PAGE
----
Below is a list of examples of TSMO strategies. These are not all inclusive:
- Work Zone Management
- Traffic Incident Management
- Special Event Management
- Road Weather Management
- Transit Management
- Freight Management
- Traffic Signal Coordination
- Traveler Information
- Ramp Management
- Congestion Pricing
- Active Transportation and Demand Management
- Integrated Corridor Management
- Access Management
- Improved Bicycle and Pedestrian Crossings
- Connected and Automated Vehicle Deployment
Many agencies are already doing some of these activities. In addition, many of them specifically address congestion due to non-recurring events in addition to daily rush hour traffic. TSMO addresses both types of congestion and brings the strategies together to maximize the safety, mobility and reliability of the transportation system. Many of them require coordination across multiple jurisdictions and modes. While each individual strategy can be beneficial, TSMO means they are applied with consideration of the entire transportation, not just one specific location. Many of these strategies can be applied to urban, suburban, and rural environments.
The transportation world is changing, and doing business the way it was done in the past is no longer effective. Traditionally, congestion issues were primarily addressed by funding major capital projects, such as adding lanes or building new interchanges and roads, to address physical constraints, such as bottlenecks. These expansion projects were based primarily on traffic volumes predicted far out into the future. Operational improvements were typically an afterthought and considered after the new infrastructure was already added to the system.
Today, transportation agencies are facing trends, such as increased urbanization, that create a growing demand for travel with less funding and space to work with. As a result, we can no longer build our way out of congestion. Trends we see today include:
- Limited funds – The primary source of federal funding for the U.S. highway system is the federal gas tax, which has not changed since 1993. Since that time, the financial constraints for public agencies have increased:
- Inflation – The cost to build roads and bridges has increased.
- Fuel efficiency – Vehicles today can travel farther with less trips to the gas pump, decreasing revenue. The growing use of electric and plug-in hybrid cars has also reduced the purchase of fuel.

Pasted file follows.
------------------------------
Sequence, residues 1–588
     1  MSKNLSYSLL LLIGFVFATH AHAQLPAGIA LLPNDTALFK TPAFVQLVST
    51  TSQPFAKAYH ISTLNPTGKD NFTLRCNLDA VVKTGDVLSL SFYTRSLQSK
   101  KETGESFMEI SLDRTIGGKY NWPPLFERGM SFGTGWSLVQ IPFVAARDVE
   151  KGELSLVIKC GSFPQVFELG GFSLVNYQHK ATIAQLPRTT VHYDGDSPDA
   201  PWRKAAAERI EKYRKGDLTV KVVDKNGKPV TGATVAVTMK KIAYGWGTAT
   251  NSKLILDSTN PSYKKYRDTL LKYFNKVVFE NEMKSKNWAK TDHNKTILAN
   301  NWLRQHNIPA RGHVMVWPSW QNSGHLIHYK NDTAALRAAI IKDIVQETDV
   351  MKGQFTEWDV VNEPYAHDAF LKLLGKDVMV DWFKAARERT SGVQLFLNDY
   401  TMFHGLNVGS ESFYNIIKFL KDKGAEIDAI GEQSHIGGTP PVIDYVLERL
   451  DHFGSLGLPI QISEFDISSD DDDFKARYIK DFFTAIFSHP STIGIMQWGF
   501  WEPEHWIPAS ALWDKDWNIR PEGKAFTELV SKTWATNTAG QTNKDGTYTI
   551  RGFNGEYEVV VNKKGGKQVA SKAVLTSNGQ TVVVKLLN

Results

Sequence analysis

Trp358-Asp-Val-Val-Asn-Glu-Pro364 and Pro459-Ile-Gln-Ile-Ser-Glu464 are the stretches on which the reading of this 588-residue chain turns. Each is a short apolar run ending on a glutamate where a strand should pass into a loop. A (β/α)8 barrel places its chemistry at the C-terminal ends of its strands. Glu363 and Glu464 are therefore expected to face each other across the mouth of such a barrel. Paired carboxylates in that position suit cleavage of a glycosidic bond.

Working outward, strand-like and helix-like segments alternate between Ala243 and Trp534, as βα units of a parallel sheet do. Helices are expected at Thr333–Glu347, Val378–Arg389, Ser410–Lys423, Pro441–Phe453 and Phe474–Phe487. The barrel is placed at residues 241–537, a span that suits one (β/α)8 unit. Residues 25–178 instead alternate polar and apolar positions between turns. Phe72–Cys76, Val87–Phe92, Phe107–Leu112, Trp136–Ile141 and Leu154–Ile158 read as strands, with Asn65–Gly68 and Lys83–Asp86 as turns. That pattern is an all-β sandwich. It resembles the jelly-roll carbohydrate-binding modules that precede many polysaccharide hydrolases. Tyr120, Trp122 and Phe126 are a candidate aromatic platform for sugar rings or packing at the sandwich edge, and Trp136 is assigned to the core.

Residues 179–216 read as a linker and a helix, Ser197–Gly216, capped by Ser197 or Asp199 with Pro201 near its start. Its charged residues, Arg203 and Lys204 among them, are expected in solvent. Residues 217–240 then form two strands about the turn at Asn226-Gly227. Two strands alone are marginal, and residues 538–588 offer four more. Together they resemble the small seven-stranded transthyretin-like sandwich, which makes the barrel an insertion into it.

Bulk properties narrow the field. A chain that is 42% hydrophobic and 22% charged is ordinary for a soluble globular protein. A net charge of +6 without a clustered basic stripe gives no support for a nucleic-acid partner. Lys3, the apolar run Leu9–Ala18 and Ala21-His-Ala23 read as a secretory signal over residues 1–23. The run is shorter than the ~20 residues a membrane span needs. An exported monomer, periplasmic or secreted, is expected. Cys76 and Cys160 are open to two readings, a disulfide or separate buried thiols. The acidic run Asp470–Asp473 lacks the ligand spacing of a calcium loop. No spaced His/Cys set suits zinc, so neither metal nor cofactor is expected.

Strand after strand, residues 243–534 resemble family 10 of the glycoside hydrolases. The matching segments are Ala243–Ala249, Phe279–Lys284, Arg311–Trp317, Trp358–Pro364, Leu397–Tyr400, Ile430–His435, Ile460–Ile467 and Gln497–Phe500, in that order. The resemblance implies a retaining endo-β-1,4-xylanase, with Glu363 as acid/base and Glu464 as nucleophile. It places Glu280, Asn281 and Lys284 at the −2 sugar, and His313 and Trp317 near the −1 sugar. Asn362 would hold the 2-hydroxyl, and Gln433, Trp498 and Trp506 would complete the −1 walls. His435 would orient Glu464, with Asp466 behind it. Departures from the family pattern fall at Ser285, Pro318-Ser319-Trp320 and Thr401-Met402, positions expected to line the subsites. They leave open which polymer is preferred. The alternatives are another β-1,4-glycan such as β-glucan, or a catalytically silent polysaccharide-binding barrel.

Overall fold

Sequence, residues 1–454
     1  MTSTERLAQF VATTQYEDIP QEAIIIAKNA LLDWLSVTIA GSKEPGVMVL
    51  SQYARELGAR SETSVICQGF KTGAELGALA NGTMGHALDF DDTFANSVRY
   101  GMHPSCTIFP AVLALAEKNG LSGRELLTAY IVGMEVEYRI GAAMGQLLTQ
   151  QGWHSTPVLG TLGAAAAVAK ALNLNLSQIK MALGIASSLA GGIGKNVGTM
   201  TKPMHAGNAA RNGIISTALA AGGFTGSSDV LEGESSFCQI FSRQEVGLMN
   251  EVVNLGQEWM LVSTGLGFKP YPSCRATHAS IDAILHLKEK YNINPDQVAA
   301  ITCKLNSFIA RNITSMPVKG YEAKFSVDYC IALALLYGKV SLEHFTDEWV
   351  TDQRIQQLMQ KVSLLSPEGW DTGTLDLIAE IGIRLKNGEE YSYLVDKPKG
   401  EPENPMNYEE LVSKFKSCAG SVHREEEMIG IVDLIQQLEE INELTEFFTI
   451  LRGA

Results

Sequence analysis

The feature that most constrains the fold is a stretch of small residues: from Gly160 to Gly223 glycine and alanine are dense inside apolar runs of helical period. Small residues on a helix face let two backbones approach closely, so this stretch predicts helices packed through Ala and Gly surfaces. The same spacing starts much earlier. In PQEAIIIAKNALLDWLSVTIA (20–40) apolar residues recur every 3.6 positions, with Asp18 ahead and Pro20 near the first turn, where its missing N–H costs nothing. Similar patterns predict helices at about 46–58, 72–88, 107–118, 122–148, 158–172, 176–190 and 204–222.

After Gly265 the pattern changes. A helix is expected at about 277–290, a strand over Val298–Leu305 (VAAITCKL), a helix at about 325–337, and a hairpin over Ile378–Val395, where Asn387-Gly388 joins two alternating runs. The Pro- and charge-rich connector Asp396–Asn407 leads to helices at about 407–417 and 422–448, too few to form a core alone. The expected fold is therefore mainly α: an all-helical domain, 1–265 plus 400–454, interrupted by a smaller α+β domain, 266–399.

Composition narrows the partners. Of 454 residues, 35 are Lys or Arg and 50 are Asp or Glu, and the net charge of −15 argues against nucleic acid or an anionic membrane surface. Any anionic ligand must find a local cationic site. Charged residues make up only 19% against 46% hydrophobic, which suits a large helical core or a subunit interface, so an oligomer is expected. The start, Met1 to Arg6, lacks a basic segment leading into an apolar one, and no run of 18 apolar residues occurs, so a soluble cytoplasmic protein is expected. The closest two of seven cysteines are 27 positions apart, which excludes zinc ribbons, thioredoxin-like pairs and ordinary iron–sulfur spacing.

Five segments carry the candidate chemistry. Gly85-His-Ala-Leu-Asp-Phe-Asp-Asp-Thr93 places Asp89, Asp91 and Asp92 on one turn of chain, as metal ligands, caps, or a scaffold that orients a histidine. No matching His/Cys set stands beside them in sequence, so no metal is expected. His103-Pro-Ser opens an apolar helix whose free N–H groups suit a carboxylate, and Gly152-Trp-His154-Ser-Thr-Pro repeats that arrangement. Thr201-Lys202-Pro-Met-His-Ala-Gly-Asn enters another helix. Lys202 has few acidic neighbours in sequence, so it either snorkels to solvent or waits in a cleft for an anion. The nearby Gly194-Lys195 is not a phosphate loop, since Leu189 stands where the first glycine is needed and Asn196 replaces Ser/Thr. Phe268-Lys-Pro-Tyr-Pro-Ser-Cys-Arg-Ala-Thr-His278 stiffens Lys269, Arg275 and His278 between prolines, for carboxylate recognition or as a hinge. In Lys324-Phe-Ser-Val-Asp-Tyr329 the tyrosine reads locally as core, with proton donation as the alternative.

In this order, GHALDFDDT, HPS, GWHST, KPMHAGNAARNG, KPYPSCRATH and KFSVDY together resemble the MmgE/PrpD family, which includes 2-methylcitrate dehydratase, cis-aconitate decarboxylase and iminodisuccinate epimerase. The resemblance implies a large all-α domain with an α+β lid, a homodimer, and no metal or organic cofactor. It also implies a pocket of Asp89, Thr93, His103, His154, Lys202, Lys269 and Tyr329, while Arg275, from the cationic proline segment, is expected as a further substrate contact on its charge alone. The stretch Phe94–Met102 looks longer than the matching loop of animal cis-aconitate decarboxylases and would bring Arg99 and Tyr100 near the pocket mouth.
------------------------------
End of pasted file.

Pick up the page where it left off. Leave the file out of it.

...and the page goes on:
- Advances in Technology – Transportation agencies can leverage technology to develop solutions to address congestion issues. However, given the advancement in consumer technologies (smart phones, apps, GPS, etc.), privately owned mobility services (Uber, Lyft, etc.), and the availability of more information, the traveling public expects that the products they use and the technologies they encounter will be "smart" and will ultimately improve their travel experience. They also expect that the information received will be accurate and reliable. This creates an added responsibility for the transportation community to provide the best customer service. Technology will likely have an even greater impact on the transportation network in the future with automation, connectivity, and big data.
- Changing Customer Needs and Expectations – There is a greater demand for accountability for public officials to ensure that public funds are spent to maximize the performance of the transportation system in the most cost-effective way. This creates a trend toward "performance-based" programs. The traveling public is also becoming less tolerant of unexpected delays in their trips that can result from crashes, bad weather, work zones, and special events. Such delays can be frustrating for drivers and can impact businesses as well. The traveling public expects to reach their destinations on time, regardless of the mode of travel or who owns the road. In urban areas, there is an additional expectation for multi-modal options and connectivity.